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EAE: Playing to a strength – From new media to music student

03 Jun 2020

Staying true to her name, Joy Aesther Chan always wanted to make people happy through her music. But there were twists and turns along her way to getting accepted into her dream course – via the Early Admissions Exercise. By Tung Yon Heong

Some goals may take a little longer to reach, but if the passion to attain them burns bright, anything’s possible. Just ask Joy Aesther Chan, a second-year student at Singapore Polytechnic (SP)’s Diploma in Music and Audio Technology (DMAT)*, whose abiding love for music led her to re-enter polytechnic at the age of 25.

Joy had previously enrolled in Republic Polytechnic (RP)’s Diploma in New Media but dropped out after two years.

“I could not connect with the course at all, and did badly on modules such as drawing.”

But for Joy, this was just one of the detours on the road to pursue her true calling – music.

Discovering her passion

Joy has been creating music all her life – but informally.

 “As a child, I would watch my peers play the piano at church. When the music room was empty, I would walk up to the upright piano and try playing, for instance, a Sunday school song that we had sung. After a few attempts, I realised I could play by ear. That was when I became very interested in music,” says Joy.

Piano lessons were out of reach, so over the years, she wrote lyrics. “This was my way of coping when I felt down, and this fuelled my passion for music. I wanted to develop my skills so I could write music that could have a positive impact on others,” says Joy.

After dropping out of her New Media course, Joy got a job and one of the first things she did was buy a guitar. “I watched instructional videos on YouTube,” says Joy. “I learnt to sing and play Christian worship, as well as Mandopop songs.” She also picked up other instruments, such as piano, drums and the Cajon in church.  “I would mimic how my friends played and they also taught me the basics.”

Joy was working as a recruiter in an agency during this period, and this was actually going to be the trigger that turned her life around.  One of her responsibilities as a recruiter was giving career advice to clients. She would look at their credentials and areas of interest and make recommendations.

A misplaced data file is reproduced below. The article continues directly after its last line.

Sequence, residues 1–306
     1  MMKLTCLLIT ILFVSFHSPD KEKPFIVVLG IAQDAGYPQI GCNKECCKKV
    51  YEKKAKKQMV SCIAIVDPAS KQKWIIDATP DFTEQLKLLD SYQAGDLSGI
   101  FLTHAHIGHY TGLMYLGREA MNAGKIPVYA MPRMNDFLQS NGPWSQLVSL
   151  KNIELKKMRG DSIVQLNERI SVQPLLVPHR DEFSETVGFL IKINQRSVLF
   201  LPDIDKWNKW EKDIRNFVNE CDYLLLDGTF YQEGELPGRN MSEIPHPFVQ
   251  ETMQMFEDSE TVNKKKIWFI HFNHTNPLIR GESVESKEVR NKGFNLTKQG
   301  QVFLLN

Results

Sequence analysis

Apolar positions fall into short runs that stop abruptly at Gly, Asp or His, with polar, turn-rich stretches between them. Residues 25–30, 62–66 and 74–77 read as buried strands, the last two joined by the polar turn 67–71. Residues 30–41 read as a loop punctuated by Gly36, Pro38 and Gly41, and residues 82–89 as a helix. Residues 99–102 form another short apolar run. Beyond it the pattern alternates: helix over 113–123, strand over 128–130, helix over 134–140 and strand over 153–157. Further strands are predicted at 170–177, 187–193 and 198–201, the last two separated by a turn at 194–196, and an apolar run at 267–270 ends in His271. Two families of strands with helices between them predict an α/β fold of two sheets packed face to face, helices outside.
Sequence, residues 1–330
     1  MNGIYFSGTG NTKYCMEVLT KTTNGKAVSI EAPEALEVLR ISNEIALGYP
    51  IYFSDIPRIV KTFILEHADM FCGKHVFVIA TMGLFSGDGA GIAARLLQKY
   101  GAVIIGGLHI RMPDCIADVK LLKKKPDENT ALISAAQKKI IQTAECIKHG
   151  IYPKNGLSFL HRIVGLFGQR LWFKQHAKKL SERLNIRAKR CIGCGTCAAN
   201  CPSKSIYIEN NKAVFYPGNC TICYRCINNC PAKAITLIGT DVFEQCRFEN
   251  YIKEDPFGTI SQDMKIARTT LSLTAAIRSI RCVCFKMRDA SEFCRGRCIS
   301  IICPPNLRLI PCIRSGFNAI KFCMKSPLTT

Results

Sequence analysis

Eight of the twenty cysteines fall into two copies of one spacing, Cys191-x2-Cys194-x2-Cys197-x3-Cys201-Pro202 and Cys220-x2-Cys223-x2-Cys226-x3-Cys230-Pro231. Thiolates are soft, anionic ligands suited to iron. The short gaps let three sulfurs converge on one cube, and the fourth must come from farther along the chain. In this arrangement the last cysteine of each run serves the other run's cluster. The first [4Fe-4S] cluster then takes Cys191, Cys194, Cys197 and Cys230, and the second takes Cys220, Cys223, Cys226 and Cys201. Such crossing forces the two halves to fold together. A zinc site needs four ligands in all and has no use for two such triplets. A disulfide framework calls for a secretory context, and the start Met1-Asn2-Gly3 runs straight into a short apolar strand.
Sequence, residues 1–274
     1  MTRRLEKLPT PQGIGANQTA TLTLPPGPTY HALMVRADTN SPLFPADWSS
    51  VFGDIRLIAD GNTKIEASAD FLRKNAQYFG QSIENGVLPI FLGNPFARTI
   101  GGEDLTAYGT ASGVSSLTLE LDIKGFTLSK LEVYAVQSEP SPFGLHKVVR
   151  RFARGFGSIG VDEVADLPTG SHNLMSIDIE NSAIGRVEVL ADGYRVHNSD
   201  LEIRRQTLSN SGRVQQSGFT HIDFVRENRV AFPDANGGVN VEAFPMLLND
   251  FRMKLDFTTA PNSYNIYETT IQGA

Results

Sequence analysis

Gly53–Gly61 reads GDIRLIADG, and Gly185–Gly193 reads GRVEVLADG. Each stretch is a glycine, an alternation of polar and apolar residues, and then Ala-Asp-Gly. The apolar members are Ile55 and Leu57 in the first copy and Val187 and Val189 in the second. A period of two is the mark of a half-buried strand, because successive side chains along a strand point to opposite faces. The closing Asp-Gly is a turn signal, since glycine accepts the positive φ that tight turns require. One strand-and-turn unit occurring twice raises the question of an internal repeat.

While doing so, she obviously thought about her own life goals and aspirations and how she wanted to achieve a meaningful career in music. But she had no formal training, so she hesitated.

Finding an opportunity through EAE

At this time, Joy chanced upon the Early Admissions Exercise (EAE) for Working Adults online.  She was struck by the idea of applying for the DMAT but continued to hesitate. After all, she was already 25 and had a job.

The moment of decision came while she was on holiday in Italy.

“It was one week before the EAE deadline,” says Joy. I was in an empty cathedral. I sat by the piano and started singing and playing chords. When I looked at my watch, I realised that four hours had passed.  At that moment I knew that music was the career for me.”

Joy quickly applied for DMAT through EAE and secured an interview.

“I was told to bring any musical certifications or portfolio I had. I scrambled to print out some original songs I had written. It was quite nerve-racking because I did not even know what to expect in the interview. I was thinking that I wouldn’t get into the course since I was super amateur and ill-trained compared with what I thought other interviewees had to offer,” says Joy.

But, her original songs and improvisation skills through singing impressed the panel.

“The interview turned out to be very enjoyable. I was awed by one of the teachers who did accompaniment while I improvised with singing. The teachers on the panel looked very serious and intimidating. I kept thinking that I had no credentials or the skill sets they were looking for. But they put me at my ease. They just wanted to see what I could do.”

Scaling up

Once at poly, Joy faced a steep learning curve.

“But I took it in good stride and worked very hard. When I first started learning how to play scales on the keyboard, I would practise every day for hours. Exams were every two weeks. I listened to solfege scales on repeat and set them as my alarm clock,” says Joy, adding that her classmates were very supportive and helped her to improve her skills.

Joy says DMAT has already had a significant impact on her songwriting, aural and music arrangement skills. The lecturers, who are music industry veterans, also offer valuable advice on pursuing a career in the music business, she says.

“The programme also pushes me to develop leadership skills as I am one who usually prefers someone else to take the lead,” she says. “I became more confident when performing live,” she adds.

Today, Joy and her classmates perform regularly at events. She hopes to work as a music teacher  upon graduation, and “bring joy to the world” through her work.

For more information on the EAE process, approach the relevant institution:


*Please note that the Diploma in Music & Audio Technology will be replaced by the Diploma in Media, Arts & Design (Music Production) with effect from April 2021.